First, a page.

1. re: manomin

                    I am certain that his founding status is the reason that AW instists that we go. I do not want to dissapoint him, since he never dissapoints me.

                    Glad that you had a good experience at Canoe House. Going back three trips to the Big Island, we did it on some heavy recs. It was a lovely venue, but that was where it ended. The service was very poor and the wine service even worse. The food fell to lower 20% of that trip, but the tab was in the upper 5%. Now, this was when the islands were overrun by Oriental tourists with very, very deep pockets. If you look at my profile, you'll see that I am accustomed to high-priced restaurants, but that is no excuse for on offering dessert wines by the .375, starting at US$395 and going up to US$2900. Nothing by the glass. Just doing a quick calculation, based on my cellar, they were asking 600% markup OVER retail. We took them off the list, and have not returned. Now, the economy has changed, and they have had at least 2 management changes, plus at least as many chef changes. Maybe it's time to give them another go, because, as I said, the venue was great - just everything else was very poor.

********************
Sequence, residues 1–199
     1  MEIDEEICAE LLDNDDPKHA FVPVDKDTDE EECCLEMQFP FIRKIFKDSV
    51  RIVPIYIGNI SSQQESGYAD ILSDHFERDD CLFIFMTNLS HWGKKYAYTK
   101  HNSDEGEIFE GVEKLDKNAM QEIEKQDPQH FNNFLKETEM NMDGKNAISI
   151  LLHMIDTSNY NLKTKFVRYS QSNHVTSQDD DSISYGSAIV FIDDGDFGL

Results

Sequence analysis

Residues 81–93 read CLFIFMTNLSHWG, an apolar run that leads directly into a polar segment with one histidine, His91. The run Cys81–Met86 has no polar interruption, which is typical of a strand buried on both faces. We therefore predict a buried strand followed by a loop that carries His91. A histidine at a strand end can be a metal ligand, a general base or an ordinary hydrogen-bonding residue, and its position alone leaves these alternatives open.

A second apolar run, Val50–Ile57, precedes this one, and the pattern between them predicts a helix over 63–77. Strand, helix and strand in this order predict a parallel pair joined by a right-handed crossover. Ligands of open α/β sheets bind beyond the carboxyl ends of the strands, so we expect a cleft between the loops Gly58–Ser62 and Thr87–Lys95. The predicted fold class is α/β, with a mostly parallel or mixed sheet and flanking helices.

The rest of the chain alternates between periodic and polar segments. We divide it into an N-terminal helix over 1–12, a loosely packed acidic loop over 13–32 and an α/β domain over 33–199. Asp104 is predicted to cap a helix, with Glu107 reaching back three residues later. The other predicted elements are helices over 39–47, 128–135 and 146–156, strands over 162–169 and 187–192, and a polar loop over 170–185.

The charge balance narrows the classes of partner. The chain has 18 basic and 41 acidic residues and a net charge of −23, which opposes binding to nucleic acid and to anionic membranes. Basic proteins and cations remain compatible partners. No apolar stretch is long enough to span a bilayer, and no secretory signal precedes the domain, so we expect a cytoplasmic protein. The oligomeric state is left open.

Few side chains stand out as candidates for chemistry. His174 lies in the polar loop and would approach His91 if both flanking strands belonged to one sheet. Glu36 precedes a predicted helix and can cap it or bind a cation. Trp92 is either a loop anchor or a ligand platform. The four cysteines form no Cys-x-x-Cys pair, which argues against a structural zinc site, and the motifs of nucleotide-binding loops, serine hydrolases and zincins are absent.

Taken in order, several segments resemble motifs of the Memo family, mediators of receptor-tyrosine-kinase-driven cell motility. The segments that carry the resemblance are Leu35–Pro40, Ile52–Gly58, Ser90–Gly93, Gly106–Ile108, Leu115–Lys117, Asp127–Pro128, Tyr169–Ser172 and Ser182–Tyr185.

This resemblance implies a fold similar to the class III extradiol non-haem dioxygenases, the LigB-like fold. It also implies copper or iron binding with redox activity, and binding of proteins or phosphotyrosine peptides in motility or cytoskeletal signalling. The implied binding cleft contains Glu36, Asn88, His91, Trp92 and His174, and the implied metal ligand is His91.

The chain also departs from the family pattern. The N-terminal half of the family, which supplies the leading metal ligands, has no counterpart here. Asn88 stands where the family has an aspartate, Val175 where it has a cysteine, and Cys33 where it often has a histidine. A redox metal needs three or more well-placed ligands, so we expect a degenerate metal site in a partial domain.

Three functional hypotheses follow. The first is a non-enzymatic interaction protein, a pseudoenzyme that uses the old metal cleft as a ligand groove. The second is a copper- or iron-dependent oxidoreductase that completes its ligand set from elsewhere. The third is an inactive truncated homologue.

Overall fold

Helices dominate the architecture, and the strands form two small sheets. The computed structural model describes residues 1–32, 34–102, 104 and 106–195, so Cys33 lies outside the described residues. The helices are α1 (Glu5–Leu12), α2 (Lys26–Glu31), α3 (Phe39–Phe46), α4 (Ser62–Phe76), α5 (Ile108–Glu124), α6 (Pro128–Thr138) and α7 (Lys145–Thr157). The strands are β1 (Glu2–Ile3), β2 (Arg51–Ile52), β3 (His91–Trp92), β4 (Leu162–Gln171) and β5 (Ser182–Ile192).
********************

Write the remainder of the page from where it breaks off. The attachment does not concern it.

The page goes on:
I greatly appreciate hearing what I would consider a major turn-around. Thanks for the update. I've had "faves," that failed, and some "passes," that re-did their entire program.

                    Mahalo,
                    Hunt

                    1. re: Bill Hunt

                      The executive chef is a Roy's alum from the original Hawaii Kai
                      she was there in the very beginning and has worked her way
                      around the world recently in Hong Kong. It was really a great meal
                      and they did have dessert wines by the glass. Our server(s) were
                      really good and took good care of us and all their tables. I met people in the pool who liked so well they went back more than once. You should try it again sometime!

                      1. re: manomin

                        Next trip to the Big Island, I shall. Thanks for the info and the recs.

                        Aloha,
                        Hunt

                        1. re: manomin